The essay powerfully portrays not only the existential angst and desperate cries of a convict awaiting his fate, but also the cold sense of duty with which the State players carry out their duties. In languishing in jail for years, the three accused in the Rajiv Gandhi case have already died a hundred deaths. Ms Sonia Gandhi herself made a magnificent gesture to Nalini. Then why not let humanism prevail over law? That political parties take a stand for or against mercy petitions has more to do with their ideologies than with any form of compassion for or grudge against the convicts. Most of Europe has already abolished the death penalty.
I was moved to tears after reading how the prisoner avoided stepping into a puddle on his way to the gallows. No one has the power to kill a fellow citizen, however heinous his crime may be. The state must have an alternative.
R.K. Vijay Nambiar,
The melodrama, the underlying pathos, the melancholic style and the careful listing of minute detail — all made it a good essay. How I wish I had an equal command over the language to highlight the trauma being faced by those who are the victims of numerous terror attacks. The Hindu periodically publishes the pictures of the aftermath of terror attacks. Essays and stories may be interesting to read but drawing lessons from them needs more search of facts that may be absent in such essays. George Orwell did not think it necessary to give an account of the misdeeds of the man that led him to the gallows.
It made me think about whether capital punishment is too much for the wrong committed by the prisoner (as the principle of morality says, no one has the right to take the life of another). Then, if it sounds so, here comes the paradoxical question: “shouldn't grave deed doers be met with the grave and the rarest punishments?” If that is the case, then what would be the justice to the principle of morality?
The gut-wrenching essay, on “A Hanging,” will help buttress the abolitionist cause. Capital punishment is based on the principle of lex talionis (law of retaliation), i.e., punishment should correspond in degree and kind to the offence of the wrongdoer. In recent times, the overwhelming view among penologists is that states need to deliver justice in respect of serious crimes without resorting to executions which are nothing but legalised murders. The deterrence argument no longer holds any value if one is to go by crime statistics in countries like the U.S. which still execute criminals. In the U.S., there have been instances of people being subsequently cleared of the crimes for which they were executed.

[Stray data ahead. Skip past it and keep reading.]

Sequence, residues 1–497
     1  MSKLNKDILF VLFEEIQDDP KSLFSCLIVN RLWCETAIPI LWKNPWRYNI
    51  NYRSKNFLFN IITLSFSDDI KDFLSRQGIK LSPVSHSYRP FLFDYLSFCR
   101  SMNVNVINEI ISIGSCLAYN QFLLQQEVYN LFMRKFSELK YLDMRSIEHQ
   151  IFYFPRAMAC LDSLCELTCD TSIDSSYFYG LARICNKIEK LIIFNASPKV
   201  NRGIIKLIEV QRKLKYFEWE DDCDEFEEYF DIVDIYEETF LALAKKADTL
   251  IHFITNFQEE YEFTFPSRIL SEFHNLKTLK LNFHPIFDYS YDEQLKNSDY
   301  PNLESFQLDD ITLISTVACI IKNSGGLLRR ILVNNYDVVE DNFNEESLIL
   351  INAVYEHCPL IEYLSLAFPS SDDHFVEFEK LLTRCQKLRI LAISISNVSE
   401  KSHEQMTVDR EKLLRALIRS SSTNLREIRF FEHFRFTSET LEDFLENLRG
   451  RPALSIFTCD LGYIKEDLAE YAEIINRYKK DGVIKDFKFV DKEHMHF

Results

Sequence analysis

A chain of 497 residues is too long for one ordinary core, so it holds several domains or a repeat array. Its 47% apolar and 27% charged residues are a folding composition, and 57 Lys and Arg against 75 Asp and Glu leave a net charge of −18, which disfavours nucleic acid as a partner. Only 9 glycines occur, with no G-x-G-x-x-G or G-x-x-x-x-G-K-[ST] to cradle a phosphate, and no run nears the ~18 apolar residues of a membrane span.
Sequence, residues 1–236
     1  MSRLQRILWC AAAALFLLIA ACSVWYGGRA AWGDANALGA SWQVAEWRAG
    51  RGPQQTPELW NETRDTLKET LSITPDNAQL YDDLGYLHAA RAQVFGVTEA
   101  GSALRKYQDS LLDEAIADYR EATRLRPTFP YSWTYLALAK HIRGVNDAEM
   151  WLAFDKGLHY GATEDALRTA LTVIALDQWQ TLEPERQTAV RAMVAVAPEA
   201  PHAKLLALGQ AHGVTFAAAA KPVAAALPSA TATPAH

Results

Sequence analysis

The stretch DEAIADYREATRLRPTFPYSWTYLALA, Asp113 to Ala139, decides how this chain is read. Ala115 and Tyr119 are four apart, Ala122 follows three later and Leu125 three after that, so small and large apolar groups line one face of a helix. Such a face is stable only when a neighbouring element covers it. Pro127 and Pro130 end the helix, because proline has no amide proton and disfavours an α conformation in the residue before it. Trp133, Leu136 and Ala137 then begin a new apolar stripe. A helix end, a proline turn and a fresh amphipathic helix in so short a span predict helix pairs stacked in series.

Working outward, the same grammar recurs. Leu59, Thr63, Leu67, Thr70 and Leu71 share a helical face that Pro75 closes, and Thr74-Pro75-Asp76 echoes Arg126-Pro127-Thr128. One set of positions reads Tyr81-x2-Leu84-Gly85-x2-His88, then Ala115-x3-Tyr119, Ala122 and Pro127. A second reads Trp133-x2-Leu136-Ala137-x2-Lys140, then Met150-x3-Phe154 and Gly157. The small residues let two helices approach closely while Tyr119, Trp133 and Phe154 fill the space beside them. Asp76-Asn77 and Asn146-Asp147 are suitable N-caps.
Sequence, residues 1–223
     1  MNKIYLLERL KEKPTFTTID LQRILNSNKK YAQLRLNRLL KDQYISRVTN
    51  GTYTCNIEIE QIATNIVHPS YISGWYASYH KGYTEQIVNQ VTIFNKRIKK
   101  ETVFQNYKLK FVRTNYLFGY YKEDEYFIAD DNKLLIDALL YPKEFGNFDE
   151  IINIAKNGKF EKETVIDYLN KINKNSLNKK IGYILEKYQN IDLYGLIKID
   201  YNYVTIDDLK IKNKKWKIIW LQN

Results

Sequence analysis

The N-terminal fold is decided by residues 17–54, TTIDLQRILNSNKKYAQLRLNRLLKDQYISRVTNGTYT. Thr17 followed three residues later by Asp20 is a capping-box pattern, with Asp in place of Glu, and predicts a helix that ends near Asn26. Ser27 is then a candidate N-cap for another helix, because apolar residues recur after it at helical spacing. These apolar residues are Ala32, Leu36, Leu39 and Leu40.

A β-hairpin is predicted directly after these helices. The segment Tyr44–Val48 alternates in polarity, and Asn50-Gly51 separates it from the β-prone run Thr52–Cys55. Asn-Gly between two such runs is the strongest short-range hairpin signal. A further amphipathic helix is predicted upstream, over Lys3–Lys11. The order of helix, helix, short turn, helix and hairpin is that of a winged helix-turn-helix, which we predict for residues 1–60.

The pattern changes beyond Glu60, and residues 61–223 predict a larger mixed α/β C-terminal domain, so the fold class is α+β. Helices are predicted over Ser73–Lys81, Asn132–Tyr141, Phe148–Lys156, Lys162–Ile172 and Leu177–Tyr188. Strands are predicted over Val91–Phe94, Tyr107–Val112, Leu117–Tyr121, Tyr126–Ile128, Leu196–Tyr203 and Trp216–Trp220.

Many of us may not be privy to the scene of a hanging, but Orwell's literary gem has done it. It is evident that Orwell empathises with the man. Who can forget his “Shooting an Elephant,” where Orwell tells us that he was helpless and unwilling to participate in the killing of an elephant but had to do it mainly to uphold the Englishman's pride. Today, most of us face his predicament of unwillingly supporting the barbarous practice of hanging.
M. Somasekhar Prasad,
The images of a puny “Hindu” convict and the intruding “large woolly dog” will remain a disturbing nightmare for everyone with a sensitive conscience.
Col. C.V. Venugopalan (retd.),
Hats off to The Hindu for digging out such a treasure.
Capt. N.S.Velayuthan (retd.),
One feels compassion for the convict mainly because his crime has not been revealed. However, how could we risk the lives of one billion people by taking away capital punishment from the statute book? Is it wise? There has to be a strong deterrent.
One can only think of the Bhutto case when, on March 24, 1979, the Supreme Court of Pakistan dismissed the appeal petition filed by Zulfikar Ali Bhutto against his death sentence, despite appeals for clemency. I remember that even though Pakistan and India were at loggerheads, there were many who prayed for a miracle. The 12 days, from March 24 to April 4, 1979, proved to be days of agony.
Tharcius S. Fernando,